By the time we went back the second time, we had a complete script that allowed us to be incredibly productive and structured in our attack, as opposed to the first trip which was very loose and very much letting Tokyo take us where it wanted to take us. There were literally days when something would happen to us ,and at dinner we'd talk about it and write a scene about it for the next day. Then we were with Alex [Vincent], who had spent a lot of time in Tokyo with bands and had a lot of stories of adventures. Some of the stories that Mans and Phil go on are directly inspired by things that Alex had witnessed.
So it slowly started from an improvised thing to a completely scripted film, by the end. As far as fiction vs reality: the band themselves were such unique characters (in that the drummer was a hair stylist, the bass player was a professional cellist and the guitarist was a professional blackjack player). We said, “let’s mine the stories that all of them have and they’re gonna be really rich characters.” It was easier for them to have all that experience to draw on, which made me more confident to direct them, as opposed to giving them a whole new character, and that seemed to work pretty well. So we cast Phil’s wife as his wife and Sean’s wife as his girlfriend and I wanted to have a single guy to explore what happens when you go on the road. We took a lot from reality, and the band themselves had been thinking about traveling to Japan and trying to break into the music industry.
After the first trip the band went back to do a tour, and then a month before they were gonna go there, was the huge earthquake and tsunami. Then they were up against, “what do we do, do we go? There’s all this fallout.” They decided to go back, and there were still aftershocks happening, and the tone was very different. They came back with all these stories that we weaved into the movie.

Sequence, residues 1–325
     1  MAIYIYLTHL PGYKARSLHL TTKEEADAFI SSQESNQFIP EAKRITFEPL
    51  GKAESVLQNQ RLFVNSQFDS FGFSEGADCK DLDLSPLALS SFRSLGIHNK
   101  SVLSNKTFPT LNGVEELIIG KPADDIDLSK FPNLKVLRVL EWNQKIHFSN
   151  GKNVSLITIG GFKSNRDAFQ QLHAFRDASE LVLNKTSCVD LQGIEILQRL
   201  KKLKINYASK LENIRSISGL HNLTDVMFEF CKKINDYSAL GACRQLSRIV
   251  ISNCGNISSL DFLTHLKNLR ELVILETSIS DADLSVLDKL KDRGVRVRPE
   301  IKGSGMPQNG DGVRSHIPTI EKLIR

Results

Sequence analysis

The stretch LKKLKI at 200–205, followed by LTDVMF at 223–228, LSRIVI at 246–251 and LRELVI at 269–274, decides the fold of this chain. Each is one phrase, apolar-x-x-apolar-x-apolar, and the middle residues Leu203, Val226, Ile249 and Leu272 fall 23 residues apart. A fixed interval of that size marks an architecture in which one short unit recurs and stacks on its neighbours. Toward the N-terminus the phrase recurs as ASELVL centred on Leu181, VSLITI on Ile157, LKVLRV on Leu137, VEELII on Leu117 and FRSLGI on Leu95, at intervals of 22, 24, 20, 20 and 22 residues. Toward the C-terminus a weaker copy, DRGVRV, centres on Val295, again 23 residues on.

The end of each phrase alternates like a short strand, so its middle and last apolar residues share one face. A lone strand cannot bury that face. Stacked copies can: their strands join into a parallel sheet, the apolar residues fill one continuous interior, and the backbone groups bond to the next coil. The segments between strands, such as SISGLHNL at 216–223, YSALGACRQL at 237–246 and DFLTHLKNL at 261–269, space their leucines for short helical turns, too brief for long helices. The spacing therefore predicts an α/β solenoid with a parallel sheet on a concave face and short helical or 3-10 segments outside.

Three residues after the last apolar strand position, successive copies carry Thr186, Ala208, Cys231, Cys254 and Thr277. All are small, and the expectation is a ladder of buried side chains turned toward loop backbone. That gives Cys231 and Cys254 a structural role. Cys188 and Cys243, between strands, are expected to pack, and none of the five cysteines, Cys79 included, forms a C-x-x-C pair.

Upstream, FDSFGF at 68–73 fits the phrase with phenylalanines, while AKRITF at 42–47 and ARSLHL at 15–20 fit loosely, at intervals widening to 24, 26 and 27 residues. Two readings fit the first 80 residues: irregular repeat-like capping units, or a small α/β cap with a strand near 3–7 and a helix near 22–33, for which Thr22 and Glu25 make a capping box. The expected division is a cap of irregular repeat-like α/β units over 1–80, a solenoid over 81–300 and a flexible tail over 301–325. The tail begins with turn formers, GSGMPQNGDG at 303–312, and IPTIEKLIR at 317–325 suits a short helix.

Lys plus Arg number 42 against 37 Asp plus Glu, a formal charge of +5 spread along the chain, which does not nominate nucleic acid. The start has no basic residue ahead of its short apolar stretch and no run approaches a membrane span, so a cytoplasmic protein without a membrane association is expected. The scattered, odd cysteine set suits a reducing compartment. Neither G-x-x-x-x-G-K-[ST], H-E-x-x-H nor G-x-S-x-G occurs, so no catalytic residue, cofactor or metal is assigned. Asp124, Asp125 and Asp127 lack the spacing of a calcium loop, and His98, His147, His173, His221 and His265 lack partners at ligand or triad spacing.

So the two trips to Japan represent that balance of improv and script. . .
The first trip was boot camp for the guys to get used to acting. That first trip there was a lot of liquid courage, a lot of everyone getting wasted to relax. But by the end we built up a trust, so a lot of that wasn’t necessary by the second trip, when the guys realized they were much better actors sober than drunk. One night on the first trip, we were having a dinner and everyone was drinking and getting to know each other in this really cool dive restaurant. And Adam [Powers], who’d had a few beers, started doing this accent and going on these monologues, and had us in stitches we were laughing so hard, and that night we developed this character of this Mans guy whose completely lost his identity from all this traveling he’s done, this soul who in a sense is a wise man whose love for everyone is equal. People are like “is he gay, is he straight?” Mans just loves everyone. We built the character that night and the next day decided to do some improv on this bench at this temple and just see what happened. Ryan and I while we were shooting it were trying so hard to maintain our composure because it was so funny.